Confidence in the Confidence Index?

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Gene J. Puskar / AP

I've noticed that airline ticketing agents have an interesting language when it comes to describing how full a flight is. From my too-frequent air travels, I've learned that being "full" is not absolute. The scale of fullness includes: a somewhat full flight, a full flight and a very full flight. Or, in my very unfortunate case Friday evening of Memorial Day weekend, surrounded by families, extra luggage, strollers, in the middle of travel mayhem — the extremely full flight.

As I contorted myself into a position that allowed me to open my laptop to do some work on the plane, I wondered that with all of the latest economic indicators being so negative, why are so many families flying, presumably embarking on their summer vacations? In light of skyrocketing gas prices, falling home prices and the looming sub-prime lending collapse, are U.S. consumers still confident in our economy?

The latest economic news hasn't been encouraging. Gas prices reached an all-time high earlier this month. For the first time since 1991, quarterly home prices declined, according to the S&P/Case Shiller U.S. Home Price Index. And yet analysts were surprised by the unexpected rise in consumer confidence in the economy, reported this week in the Conference Board's Consumer Confidence Index (CCI).

Confidence indices like the CCI and the Michigan Consumer Sentiment Index rely on consumer surveys, telephone or mail-based, to give the marketplace an indication of what consumers think of current and future economic conditions. This presents several problems: who answers or fills out these surveys, are they truly representative of the U.S. population (how many of you reading this column have participated in a consumer confidence survey, for instance?), and do consumers really reveal their true sentiments?

Perhaps Internet actions speak louder than survey answers. Take the cost of gasoline. Despite gasoline prices reaching an all-time high this month, searches for "gas prices" during September 2005, when gas prices breached the $3/gallon mark, were six times greater than last week when the average gallon of regular gas hit $3.21. But to get at the question of what consumers think about gas prices and how they view the effect on the economy, you have to dig a little deeper. For example, how do soaring pump prices affect our vacation plans? Visits to U.S. travel sites are down only 2% when compared to the same time last year; visits to airline sites are down only 3% compared to last year at this time, explaining my "extremely full flight." Consumers' short-term economic outlook might be reflected in overall vacation plans. Examining the most common search phrases containing "vacation" indicate no pull-back in the scope of our getaway plans; the most popular vacation phrase: "Hawaii Vacation."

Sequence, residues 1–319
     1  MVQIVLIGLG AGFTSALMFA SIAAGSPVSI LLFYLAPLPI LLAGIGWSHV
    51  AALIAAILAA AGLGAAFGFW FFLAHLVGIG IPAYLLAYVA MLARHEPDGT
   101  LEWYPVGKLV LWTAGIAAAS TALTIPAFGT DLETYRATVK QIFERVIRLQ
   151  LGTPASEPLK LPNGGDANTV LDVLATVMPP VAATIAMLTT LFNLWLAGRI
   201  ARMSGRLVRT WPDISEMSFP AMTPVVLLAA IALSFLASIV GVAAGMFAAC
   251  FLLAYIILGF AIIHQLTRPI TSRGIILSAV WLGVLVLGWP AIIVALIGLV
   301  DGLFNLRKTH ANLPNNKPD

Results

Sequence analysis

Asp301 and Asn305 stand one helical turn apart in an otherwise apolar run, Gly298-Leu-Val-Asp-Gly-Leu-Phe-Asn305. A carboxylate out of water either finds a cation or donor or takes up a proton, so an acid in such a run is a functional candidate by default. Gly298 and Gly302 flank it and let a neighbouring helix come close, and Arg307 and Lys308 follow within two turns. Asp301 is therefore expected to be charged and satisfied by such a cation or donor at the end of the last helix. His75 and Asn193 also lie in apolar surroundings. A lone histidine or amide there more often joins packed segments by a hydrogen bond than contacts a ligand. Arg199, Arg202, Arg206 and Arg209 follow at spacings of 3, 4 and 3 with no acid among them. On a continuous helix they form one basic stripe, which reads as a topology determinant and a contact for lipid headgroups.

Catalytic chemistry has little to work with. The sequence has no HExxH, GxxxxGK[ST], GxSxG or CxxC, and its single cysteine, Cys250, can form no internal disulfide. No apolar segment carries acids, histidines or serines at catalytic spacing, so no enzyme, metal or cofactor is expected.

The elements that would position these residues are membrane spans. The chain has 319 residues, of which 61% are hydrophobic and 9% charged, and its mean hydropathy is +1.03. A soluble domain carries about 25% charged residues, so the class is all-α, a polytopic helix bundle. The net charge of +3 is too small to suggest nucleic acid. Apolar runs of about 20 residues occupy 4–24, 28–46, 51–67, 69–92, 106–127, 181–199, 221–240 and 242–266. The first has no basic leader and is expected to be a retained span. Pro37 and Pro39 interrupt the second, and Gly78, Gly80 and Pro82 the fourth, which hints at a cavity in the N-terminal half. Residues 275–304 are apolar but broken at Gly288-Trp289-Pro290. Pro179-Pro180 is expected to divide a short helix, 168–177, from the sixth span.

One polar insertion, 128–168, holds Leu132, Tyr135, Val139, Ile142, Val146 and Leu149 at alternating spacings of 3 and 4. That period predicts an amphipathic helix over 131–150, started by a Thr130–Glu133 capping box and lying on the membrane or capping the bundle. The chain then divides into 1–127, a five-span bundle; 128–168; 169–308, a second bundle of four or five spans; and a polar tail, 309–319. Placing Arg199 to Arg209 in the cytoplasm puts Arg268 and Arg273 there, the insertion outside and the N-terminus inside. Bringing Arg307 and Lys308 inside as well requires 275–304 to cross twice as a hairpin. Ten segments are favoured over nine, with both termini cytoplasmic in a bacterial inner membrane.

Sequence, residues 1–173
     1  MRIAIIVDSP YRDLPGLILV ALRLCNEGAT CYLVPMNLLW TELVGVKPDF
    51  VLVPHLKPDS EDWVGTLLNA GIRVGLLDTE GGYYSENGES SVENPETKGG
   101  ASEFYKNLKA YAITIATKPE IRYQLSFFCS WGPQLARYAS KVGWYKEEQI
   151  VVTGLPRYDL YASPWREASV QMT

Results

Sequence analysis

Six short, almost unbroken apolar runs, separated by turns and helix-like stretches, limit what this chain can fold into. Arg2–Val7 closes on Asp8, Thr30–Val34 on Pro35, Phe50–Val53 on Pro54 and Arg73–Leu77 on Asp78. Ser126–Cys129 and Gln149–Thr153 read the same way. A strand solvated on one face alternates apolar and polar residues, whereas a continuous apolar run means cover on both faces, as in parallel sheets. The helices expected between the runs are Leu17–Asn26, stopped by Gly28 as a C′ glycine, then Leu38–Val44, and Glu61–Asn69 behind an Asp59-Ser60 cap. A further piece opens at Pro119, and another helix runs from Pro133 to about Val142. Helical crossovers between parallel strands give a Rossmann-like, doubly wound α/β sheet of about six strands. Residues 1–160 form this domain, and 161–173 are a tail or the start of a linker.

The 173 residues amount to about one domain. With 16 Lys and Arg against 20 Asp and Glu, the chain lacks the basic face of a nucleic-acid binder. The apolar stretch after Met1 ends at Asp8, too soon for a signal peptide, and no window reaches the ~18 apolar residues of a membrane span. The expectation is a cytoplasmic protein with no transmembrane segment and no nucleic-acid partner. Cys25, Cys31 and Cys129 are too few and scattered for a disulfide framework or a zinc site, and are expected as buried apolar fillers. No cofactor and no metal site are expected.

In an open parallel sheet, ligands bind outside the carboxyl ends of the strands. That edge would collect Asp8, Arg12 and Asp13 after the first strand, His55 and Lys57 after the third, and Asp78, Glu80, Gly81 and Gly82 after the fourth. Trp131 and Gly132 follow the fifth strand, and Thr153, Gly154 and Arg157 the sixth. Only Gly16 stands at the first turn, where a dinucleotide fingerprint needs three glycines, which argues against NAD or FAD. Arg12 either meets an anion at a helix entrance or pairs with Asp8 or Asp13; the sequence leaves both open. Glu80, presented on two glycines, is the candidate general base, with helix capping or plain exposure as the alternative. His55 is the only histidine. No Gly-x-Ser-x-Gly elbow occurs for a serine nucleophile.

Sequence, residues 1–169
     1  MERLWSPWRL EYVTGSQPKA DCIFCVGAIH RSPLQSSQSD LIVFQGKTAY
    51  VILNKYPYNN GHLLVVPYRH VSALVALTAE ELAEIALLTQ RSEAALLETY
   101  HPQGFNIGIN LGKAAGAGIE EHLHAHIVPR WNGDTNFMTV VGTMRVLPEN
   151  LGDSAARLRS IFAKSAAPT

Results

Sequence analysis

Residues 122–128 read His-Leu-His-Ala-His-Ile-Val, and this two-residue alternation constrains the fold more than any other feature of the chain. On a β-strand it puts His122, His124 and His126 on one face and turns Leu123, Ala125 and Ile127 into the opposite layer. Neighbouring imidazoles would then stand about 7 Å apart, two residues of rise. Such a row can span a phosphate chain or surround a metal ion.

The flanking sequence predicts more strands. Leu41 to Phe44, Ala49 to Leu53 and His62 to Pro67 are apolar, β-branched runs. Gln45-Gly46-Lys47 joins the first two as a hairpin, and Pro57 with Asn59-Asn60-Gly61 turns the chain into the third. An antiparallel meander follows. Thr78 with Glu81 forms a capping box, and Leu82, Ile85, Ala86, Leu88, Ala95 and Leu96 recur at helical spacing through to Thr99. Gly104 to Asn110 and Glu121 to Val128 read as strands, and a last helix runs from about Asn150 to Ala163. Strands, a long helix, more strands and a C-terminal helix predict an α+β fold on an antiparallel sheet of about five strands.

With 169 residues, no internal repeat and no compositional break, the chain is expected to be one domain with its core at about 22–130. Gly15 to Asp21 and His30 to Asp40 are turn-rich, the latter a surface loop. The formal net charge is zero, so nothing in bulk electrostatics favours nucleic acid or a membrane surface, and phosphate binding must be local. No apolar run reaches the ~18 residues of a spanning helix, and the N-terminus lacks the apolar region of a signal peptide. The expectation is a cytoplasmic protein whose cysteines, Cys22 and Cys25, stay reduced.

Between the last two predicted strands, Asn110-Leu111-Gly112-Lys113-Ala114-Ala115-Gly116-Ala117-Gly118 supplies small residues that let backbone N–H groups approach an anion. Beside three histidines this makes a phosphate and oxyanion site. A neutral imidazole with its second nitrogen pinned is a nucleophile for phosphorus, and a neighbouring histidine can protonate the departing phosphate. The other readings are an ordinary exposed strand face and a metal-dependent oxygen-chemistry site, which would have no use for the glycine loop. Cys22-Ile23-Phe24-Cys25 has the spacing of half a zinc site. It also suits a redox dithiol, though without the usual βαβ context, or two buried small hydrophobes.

The housing market is a different story. The ratio of searches for "homes for sale" compared to "homes for rent" have reached their lowest point over the last two years in April and May 2007, hovering around 1.5 sale queries for every rent query, which indicates that potential home buyers are becoming more tentative. Maybe the best test of how U.S. consumers feel about the economy is to get in their minds regarding costly projects like building or remodeling a house. In the Internet age, if you're thinking of taking on a large-scale building project, you would likely visit home plan websites and building construction firms online. Visits to those sites are down 48% compared to the same time in 2006.

Struggling for some personal space in my middle seat and sulking about the upgrade to business class that never materialized, I began to think that we've taken certain economic pains, such as gasoline prices, in stride, while longer-term ones, like the housing market, have us deeply concerned. I have another theory, also related to flying: the health of the airline industry is directly reflected by the quality and quantity of food available in flight. On that basis things are bad, really bad, but they have been for as long as I can remember. Until we're all served decent meals on flights, I won't have much confidence in travel, or in the economy.

Bill Tancer is general manager of global research at Hitwise.